Ice Plant

I take pictures of every flower that grows in my yard, and my house, and lots of other places too. Somehow, I did not get any photos of the Ice Plant that I put in this year. It was a mid summer replacement for another plant that died young. It’s out there, I remember seeing the flowers, but for whatever reason, I never photographed it. That’s not to say that I have no pictures of Ice Plants, because I took some in San Diego.

Lucky for me, Ice Plant is a perennial, and might be back next year to give me another chance. Ice Plant is also called Trailing Ice Plant, Pink Carpet, Cooper’s Ice Plant and Hardy Ice Plant. It’s a dwarf perennial native to South Africa. Ice plant is a succulent, it has fleshy leaves that are full of liquid, helping it to resist drought and tolerate hot, dry environments. It needs little water, but does need well-drained soil to prevent root rot. Because they grow up to 3 times more across than tall, Ice Plants are used for ground cover. After the flowers bloom from July to September, the evergreen foliage remains, like a green carpet.  Ice plant is fire retardant and mildly salt tolerant and is used in some areas to control erosion.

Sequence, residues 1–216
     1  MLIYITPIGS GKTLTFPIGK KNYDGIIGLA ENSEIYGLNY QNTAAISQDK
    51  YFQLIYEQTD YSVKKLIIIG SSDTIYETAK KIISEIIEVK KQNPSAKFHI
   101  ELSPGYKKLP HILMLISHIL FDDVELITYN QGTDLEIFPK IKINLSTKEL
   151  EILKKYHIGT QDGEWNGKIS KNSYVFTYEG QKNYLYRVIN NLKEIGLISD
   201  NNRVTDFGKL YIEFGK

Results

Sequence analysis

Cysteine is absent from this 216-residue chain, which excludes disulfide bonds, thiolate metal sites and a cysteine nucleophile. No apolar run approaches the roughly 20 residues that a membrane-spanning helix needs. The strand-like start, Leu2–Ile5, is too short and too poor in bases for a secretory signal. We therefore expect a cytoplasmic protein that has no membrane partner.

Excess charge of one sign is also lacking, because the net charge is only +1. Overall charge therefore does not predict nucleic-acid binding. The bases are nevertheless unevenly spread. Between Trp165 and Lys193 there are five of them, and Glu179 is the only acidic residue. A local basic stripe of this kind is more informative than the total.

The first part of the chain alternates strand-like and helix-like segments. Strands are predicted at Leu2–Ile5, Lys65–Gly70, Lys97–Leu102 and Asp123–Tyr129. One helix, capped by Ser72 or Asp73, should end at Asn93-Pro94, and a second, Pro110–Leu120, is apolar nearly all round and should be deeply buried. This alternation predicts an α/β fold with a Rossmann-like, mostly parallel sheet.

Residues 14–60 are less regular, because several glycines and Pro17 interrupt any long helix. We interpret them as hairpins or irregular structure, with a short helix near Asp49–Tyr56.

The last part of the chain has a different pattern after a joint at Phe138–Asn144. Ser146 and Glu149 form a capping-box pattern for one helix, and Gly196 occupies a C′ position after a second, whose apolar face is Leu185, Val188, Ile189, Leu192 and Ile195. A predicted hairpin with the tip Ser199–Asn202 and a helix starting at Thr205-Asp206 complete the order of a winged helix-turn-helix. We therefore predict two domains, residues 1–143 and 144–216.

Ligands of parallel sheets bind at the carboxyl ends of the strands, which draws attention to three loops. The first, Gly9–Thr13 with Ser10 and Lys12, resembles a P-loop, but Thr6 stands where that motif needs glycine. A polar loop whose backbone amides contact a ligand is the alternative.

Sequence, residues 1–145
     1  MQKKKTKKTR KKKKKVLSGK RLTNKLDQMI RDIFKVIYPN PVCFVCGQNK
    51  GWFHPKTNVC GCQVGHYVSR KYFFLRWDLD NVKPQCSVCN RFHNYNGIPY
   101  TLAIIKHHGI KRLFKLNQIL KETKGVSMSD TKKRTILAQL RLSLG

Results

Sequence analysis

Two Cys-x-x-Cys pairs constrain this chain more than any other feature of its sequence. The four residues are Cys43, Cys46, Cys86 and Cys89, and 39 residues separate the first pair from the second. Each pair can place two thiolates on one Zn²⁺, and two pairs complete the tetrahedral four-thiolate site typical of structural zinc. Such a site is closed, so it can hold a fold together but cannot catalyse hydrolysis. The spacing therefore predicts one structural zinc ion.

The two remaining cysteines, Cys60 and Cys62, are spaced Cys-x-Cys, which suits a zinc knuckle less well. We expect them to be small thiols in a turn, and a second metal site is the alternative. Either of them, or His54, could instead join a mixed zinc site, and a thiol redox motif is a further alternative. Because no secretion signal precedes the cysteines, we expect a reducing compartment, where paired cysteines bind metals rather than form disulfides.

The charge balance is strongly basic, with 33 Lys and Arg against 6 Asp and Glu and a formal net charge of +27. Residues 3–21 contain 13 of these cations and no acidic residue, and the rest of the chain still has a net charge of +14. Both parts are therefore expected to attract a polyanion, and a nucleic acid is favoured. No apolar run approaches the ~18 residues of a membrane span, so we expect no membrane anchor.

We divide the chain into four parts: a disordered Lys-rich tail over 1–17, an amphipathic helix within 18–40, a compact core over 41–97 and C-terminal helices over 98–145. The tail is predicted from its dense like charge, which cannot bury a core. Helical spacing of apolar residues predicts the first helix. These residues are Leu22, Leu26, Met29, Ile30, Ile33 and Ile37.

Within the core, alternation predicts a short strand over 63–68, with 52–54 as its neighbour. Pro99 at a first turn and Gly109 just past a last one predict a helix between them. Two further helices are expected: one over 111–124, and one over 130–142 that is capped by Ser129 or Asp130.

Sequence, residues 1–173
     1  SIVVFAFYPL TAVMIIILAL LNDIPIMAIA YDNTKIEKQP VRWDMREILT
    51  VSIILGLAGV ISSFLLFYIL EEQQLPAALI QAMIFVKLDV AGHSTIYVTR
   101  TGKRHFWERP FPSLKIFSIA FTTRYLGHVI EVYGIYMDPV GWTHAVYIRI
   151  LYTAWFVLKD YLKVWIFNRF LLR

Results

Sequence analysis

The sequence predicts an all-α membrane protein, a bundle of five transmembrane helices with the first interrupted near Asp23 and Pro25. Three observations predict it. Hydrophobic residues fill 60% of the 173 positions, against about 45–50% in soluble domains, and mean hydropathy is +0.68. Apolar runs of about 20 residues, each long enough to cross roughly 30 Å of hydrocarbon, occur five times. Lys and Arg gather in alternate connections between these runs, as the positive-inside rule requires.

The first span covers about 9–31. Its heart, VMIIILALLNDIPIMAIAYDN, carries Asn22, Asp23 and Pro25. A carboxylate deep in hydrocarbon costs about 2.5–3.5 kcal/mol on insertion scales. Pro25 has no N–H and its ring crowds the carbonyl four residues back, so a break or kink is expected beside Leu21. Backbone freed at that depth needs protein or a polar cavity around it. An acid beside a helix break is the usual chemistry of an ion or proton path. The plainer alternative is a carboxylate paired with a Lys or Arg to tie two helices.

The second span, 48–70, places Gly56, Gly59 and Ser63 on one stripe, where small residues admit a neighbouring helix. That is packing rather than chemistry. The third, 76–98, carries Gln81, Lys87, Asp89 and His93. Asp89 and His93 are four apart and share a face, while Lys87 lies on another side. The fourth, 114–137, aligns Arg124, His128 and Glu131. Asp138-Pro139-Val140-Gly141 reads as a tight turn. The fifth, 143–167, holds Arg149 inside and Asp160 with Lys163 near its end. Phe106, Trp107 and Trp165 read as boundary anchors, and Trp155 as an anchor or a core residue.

Propagation of Ice Plant is by cuttings, division or seed. I’m told you can take a cutting without a flower, remove the bottom leaves and replant it in the same soil and it will quickly root. Ice Plants attract butterflies and have loads of long-lasting flowers, in white, yellow, red, pinks and purples. Delosperma is the genus which contains all of the 100 species of Ice Plant. All of them are from South Africa and only in the last 10 years or so have they been introduced to North America. All Delosperma species form low mat-like plants and are supposed to be hardy in zones 5-11. But, I’m told they are only reliably hardy if they are in reasonably dry areas. Better cross my fingers and hope that mine comes back next year, since it’s not very dry here in zone 5.

Advertisements

Tags: , , , , , , ,

Leave a Reply

Fill in your details below or click an icon to log in:

WordPress.com Logo

You are commenting using your WordPress.com account. Log Out / Change )

Twitter picture

You are commenting using your Twitter account. Log Out / Change )

Facebook photo

You are commenting using your Facebook account. Log Out / Change )

Google+ photo

You are commenting using your Google+ account. Log Out / Change )

Connecting to %s